Editorial: Everyone hates tolls, but drastic times may call for drastic measures to fix L.A.’s traffic


Los Angeles has the dubious distinction of having the nation’s — and perhaps even the world’s — worst traffic.

Our clogged roadways create all kinds of unhealthy and unproductive side effects. The most serious is the region’s dangerously high levels of air pollution, which can be so potent in some communities that children’s lungs are permanently damaged just by breathing. There’s also the loss of productivity that comes with workers and deliveries stuck in traffic, not to mention the mental and physical stress of crawling bumper to bumper.

Traffic, in case you haven’t noticed, isn’t getting any better in Southern California. In fact, it’s projected to get far worse in the coming years as the region’s population and economy grow. It’s time to start thinking about big changes that will ease traffic and shift people to more sustainable ways of travel. One possibility that has been adopted in other cities is congestion pricing.


Under congestion pricing, drivers pay a fee to use the road during the busiest times of the day. The goal is to reduce traffic by giving people a powerful incentive to take alternative modes of transportation or avoid driving during rush hour.

Charging a fee to drive into a traffic-clogged area makes people reevaluate the trip.

Los Angeles County already has dipped its toe into congestion pricing with what it calls ExpressLanes, which allow solo drivers to buy their way into what were formerly just carpool lanes on the 110 and 10 Freeways. The toll rises when traffic is heavy and drops when it’s light. The hope is that the lanes will attract so many solo drivers eager to travel faster (the program promises speeds of 45 mph and above) that congestion will be reduced in the general purpose lanes too.

Now the Southern California Assn. of Governments, the six-county regional planning agency, wants to go further. SCAG has floated the idea of creating congestion pricing zones, or “Go Zones,” where drivers would be charged a fee to use traffic-clogged streets at peak times. The money collected could be used to fund public transit, bicycling and pedestrian safety projects so travelers would have more convenient, safe alternatives to driving.

It worked in London. After the city imposed a congestion charge to enter the city center in 2003, car traffic dropped by nearly 40% and travel speeds on the city streets increased. The fee, now roughly $15 per day, has generated more than $2 billion for road and public transit improvements. Speeds have slowed in recent years with the growth in car-for-hire services, like Uber, that are exempt from the charge and deliveries associated with online commerce.

Stockholm’s congestion tax, which ranges from $1 to $4 each time you drive in or out of the city center, has reduced traffic by an average of 20% since it was implemented a decade ago. Air pollution in the most heavily trafficked areas dropped by 10% to 15%, and recent research found a significant decrease in the rate of asthma attacks among young children. While Swedes were initially skeptical of the tax — polls showed some 70% opposed it before implementation — within a few years, public opinion flipped and 70% supported the tax.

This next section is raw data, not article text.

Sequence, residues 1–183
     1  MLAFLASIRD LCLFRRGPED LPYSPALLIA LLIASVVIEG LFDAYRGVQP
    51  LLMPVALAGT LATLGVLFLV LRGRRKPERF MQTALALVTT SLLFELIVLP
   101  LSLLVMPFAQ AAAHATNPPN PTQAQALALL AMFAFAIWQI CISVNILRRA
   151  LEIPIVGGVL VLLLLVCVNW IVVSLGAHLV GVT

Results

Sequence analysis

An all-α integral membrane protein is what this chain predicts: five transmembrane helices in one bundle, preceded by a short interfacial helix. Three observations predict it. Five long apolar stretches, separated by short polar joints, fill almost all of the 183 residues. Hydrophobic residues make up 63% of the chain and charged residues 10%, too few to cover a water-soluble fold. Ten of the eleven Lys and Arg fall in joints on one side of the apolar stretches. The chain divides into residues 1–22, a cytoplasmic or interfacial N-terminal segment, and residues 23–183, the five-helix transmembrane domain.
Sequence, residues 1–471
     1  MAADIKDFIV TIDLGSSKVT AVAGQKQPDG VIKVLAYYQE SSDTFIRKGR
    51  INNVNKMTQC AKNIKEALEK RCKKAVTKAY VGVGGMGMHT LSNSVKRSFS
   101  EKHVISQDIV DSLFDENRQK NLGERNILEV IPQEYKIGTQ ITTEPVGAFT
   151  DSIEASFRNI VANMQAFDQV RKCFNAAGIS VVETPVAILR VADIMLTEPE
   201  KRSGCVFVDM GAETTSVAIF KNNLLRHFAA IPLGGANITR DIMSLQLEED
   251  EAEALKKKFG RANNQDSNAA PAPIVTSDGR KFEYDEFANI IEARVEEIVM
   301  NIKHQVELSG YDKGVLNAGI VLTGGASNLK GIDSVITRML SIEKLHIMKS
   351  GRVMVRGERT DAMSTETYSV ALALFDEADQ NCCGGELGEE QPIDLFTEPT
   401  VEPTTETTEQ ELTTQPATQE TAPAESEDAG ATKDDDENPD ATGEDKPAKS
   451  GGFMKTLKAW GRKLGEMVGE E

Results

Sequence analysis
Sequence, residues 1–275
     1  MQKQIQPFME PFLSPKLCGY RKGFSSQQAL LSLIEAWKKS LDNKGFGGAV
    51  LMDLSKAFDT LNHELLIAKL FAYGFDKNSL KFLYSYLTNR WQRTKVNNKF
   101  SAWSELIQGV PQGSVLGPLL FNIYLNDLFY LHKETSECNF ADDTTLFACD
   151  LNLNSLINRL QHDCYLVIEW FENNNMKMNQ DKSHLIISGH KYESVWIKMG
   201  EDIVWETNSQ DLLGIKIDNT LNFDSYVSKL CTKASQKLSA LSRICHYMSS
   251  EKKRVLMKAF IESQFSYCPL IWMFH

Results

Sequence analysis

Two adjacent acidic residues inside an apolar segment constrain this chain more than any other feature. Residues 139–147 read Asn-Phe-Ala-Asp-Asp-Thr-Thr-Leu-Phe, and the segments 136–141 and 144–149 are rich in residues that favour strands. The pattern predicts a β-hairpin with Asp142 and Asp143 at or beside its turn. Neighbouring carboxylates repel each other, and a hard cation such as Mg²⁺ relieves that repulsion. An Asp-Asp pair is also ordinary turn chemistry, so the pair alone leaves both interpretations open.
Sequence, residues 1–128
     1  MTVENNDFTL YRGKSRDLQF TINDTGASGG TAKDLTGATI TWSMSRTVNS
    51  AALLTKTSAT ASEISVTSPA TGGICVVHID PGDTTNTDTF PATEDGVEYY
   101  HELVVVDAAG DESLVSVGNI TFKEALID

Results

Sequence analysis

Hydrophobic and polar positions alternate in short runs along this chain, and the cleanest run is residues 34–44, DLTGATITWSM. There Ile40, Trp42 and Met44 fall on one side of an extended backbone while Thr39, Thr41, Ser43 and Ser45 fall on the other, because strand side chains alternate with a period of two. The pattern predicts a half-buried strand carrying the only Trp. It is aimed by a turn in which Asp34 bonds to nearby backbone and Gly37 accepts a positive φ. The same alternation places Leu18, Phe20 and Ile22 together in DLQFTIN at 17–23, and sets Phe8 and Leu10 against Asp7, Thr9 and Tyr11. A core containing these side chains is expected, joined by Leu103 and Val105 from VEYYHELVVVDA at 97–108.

Charging a fee to drive into a traffic-clogged area makes people reevaluate the trip. Is it worth the price? Is there an alternative, like taking the bus or train? Is it feasible to travel in off-peak hours or avoid the trip altogether? It takes just a small percentage reduction in the number of cars to ease congestion. And that’s what you’re paying for: faster driving on a road that would otherwise be slow.

Congestion pricing is a fast, efficient way to get people to change their behavior to help reduce traffic and air pollution. Yet there is no escaping the fact that charging for road use has less impact on wealthier people, who can afford to pay an extra $10 to $15 a day, and significantly more impact on lower-income people who could find themselves out of their cars. Southern California already has a serious and growing problem with income inequality, so any congestion pricing model has to be sensitive to the transportation needs and challenges of poorer residents. That could mean using the fee revenue to greatly improve transit, bike and walking options for faster, safer daily commutes, or to provide transportation rebates or allowances to subsidize low-wage workers in congestion pricing zones.

Southern California is obviously very different from London, Stockholm and the other cities considering a congestion fee, like New York City. Los Angeles doesn’t have a central business district. It’s a sprawling region with clogged traffic both in city centers, such as downtown and Santa Monica, and on travel corridors, like the 405 Freeway. Driving is ingrained into the landscape here, and the region is still years away from having a fully connected, convenient public transit system.

Still, the reality is that Southern California is not going to build a bunch of new freeways. Nor has adding lanes to existing roadways solved congestion. Yet traffic is going to keep coming. It’s time at least to consider pricing the roads.

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